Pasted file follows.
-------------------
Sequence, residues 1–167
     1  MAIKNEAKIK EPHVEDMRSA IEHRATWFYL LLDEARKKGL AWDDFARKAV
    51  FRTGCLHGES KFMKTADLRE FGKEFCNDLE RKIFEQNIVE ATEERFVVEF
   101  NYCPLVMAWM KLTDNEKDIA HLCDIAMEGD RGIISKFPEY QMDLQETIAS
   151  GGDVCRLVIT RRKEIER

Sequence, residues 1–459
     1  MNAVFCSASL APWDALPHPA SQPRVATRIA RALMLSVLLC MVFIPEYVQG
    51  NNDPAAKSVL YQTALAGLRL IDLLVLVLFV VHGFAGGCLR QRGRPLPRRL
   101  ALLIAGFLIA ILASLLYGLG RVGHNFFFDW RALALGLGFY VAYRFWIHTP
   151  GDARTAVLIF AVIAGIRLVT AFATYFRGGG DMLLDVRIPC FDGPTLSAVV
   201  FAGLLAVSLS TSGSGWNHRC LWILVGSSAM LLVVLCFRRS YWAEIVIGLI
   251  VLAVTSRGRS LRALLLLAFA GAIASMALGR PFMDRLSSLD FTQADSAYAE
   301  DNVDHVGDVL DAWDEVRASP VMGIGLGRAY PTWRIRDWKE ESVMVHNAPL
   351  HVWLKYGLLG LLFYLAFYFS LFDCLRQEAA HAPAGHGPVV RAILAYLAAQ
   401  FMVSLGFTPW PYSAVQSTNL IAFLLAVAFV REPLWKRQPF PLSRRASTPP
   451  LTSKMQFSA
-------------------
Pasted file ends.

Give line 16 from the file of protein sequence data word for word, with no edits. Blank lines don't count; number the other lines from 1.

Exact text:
   451  LTSKMQFSA